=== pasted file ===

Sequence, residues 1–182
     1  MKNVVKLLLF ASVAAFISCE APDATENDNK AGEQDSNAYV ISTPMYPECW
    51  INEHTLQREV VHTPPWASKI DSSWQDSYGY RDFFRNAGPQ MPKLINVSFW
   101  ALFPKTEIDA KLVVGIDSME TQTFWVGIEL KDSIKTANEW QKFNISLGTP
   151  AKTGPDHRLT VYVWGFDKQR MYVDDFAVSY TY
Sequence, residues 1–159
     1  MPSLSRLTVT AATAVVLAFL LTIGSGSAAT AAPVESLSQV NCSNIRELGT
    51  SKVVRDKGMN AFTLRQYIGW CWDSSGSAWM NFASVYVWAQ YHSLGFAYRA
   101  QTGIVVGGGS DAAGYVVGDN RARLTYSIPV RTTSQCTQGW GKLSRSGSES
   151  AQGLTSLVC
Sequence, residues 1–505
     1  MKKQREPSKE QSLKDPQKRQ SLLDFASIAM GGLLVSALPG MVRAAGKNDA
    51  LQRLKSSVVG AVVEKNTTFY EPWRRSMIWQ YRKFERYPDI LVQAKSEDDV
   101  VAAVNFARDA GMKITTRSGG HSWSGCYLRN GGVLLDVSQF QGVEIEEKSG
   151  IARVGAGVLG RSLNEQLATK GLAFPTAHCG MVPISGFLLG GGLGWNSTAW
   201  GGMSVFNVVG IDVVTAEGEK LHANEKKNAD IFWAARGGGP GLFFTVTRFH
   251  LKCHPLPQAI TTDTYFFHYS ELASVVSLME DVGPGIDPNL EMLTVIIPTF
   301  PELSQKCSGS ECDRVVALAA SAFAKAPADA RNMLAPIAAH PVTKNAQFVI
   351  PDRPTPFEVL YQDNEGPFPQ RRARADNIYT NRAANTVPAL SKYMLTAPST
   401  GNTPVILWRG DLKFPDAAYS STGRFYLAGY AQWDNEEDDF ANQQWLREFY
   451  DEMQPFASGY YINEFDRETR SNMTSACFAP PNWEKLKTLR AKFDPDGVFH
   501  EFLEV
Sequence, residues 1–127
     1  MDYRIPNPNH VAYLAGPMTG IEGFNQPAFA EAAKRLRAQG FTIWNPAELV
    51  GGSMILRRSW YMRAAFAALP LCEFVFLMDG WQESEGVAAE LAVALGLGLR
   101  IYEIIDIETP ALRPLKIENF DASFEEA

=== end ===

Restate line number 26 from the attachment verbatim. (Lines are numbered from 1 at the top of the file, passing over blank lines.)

   101  IYEIIDIETP ALRPLKIENF DASFEEA